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Harry J. Price, M.D.
JAMA. 1943;123(10):628-629. doi:10.1001/jama.1943.82840450003007a.
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Pain of pleural origin causes the physician great concern in the treatment of pneumonia and pulmonary infarction. It is often persistent, agonizing and exhausting. The rapid, shallow respiration which results from it does not aerate the lungs sufficiently and may promote atelectasis. Furthermore, it is the pain itself which brings the patient to the physician. Rapid relief of this pain gives the patient great confidence in the doctor. The variety of procedures suggested for the relief of pleural pain has emphasized the obstinacy of the problem. Counterirritation, adhesive strapping, the use of opiates, artificial pneumothorax and local injection of the pleura and subcutaneous tissues with procaine hydrochloride each has had its advocates.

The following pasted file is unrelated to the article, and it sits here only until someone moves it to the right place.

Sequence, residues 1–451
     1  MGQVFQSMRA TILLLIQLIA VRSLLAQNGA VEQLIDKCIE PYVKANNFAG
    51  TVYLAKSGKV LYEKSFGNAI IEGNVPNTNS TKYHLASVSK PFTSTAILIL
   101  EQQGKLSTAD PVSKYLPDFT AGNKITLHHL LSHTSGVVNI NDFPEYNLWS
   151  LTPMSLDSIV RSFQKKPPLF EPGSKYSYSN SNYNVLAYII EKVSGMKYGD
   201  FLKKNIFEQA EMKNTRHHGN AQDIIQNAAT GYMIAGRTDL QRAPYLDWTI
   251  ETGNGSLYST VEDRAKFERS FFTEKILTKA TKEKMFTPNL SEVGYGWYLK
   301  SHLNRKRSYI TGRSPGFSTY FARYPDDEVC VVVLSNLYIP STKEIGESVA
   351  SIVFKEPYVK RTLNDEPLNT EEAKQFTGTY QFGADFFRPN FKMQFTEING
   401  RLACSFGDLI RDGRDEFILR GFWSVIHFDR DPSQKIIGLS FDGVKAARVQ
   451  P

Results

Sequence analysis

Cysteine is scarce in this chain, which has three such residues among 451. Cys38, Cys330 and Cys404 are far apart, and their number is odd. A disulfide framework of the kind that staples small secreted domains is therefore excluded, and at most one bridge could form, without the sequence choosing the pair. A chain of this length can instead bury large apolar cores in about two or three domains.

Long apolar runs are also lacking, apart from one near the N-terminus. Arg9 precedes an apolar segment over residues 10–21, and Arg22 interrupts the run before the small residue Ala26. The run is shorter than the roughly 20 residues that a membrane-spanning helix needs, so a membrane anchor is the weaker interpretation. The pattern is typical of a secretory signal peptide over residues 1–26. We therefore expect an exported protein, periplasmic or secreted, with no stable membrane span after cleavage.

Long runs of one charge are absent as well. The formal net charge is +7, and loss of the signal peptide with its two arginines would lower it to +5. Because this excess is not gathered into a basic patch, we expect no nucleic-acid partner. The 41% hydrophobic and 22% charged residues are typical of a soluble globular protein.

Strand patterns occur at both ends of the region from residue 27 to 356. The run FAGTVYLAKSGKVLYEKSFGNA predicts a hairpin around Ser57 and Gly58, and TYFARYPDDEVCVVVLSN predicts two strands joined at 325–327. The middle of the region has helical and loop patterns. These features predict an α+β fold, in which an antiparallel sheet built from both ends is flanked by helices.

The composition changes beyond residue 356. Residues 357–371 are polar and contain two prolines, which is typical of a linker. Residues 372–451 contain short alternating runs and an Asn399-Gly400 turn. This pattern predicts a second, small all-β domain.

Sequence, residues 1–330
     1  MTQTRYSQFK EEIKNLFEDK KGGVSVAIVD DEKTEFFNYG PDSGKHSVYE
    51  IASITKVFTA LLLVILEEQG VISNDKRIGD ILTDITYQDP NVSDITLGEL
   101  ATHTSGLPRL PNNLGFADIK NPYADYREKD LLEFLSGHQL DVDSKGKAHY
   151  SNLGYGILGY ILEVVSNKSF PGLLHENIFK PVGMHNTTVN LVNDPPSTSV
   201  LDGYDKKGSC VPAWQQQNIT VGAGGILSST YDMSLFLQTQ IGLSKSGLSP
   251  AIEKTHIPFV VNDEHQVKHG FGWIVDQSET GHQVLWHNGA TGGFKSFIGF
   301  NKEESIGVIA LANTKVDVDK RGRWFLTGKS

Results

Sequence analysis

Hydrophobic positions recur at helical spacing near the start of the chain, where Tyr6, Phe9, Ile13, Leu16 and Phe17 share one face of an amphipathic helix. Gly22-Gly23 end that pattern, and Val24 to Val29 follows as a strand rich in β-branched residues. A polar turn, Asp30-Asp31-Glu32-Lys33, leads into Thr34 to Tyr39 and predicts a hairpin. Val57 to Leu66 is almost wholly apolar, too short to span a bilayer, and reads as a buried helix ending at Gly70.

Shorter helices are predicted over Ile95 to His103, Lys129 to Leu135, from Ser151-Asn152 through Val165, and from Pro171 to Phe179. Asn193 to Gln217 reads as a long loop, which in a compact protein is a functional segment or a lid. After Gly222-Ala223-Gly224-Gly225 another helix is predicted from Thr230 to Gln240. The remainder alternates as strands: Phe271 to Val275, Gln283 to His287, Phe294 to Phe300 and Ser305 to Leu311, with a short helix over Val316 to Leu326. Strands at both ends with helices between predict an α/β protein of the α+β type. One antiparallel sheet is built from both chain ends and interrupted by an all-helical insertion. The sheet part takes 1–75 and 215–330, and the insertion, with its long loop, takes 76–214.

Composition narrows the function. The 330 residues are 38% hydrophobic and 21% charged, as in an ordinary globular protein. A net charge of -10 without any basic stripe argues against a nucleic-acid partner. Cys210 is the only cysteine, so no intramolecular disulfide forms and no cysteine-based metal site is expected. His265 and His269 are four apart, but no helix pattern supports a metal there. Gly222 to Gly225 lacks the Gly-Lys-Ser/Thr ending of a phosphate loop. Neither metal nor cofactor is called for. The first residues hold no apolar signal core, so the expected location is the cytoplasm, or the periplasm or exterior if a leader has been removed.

My purpose in this report is to describe a procedure of relieving pleural pain by inducing intercostal nerve block with procaine hydrochloride. This method is simple and effective, often producing permanent relief of the pleural pain associated with


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